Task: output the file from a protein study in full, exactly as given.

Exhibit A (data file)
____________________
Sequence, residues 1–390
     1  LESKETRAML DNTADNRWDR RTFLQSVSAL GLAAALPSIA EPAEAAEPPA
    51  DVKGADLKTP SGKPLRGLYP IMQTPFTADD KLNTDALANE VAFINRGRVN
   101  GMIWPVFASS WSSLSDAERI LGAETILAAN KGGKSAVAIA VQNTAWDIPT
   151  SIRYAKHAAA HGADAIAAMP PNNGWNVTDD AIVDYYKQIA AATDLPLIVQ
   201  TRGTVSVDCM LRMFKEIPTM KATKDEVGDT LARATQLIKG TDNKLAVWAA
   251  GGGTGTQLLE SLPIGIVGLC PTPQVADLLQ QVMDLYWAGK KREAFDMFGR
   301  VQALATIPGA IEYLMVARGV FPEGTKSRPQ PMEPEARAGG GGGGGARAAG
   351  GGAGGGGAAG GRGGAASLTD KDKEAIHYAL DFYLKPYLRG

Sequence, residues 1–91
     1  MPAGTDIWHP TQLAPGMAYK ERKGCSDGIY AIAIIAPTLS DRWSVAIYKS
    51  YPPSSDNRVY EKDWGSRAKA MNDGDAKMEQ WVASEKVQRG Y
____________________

Sequence, residues 1–390
     1  LESKETRAML DNTADNRWDR RTFLQSVSAL GLAAALPSIA EPAEAAEPPA
    51  DVKGADLKTP SGKPLRGLYP IMQTPFTADD KLNTDALANE VAFINRGRVN
   101  GMIWPVFASS WSSLSDAERI LGAETILAAN KGGKSAVAIA VQNTAWDIPT
   151  SIRYAKHAAA HGADAIAAMP PNNGWNVTDD AIVDYYKQIA AATDLPLIVQ
   201  TRGTVSVDCM LRMFKEIPTM KATKDEVGDT LARATQLIKG TDNKLAVWAA
   251  GGGTGTQLLE SLPIGIVGLC PTPQVADLLQ QVMDLYWAGK KREAFDMFGR
   301  VQALATIPGA IEYLMVARGV FPEGTKSRPQ PMEPEARAGG GGGGGARAAG
   351  GGAGGGGAAG GRGGAASLTD KDKEAIHYAL DFYLKPYLRG

Sequence, residues 1–91
     1  MPAGTDIWHP TQLAPGMAYK ERKGCSDGIY AIAIIAPTLS DRWSVAIYKS
    51  YPPSSDNRVY EKDWGSRAKA MNDGDAKMEQ WVASEKVQRG Y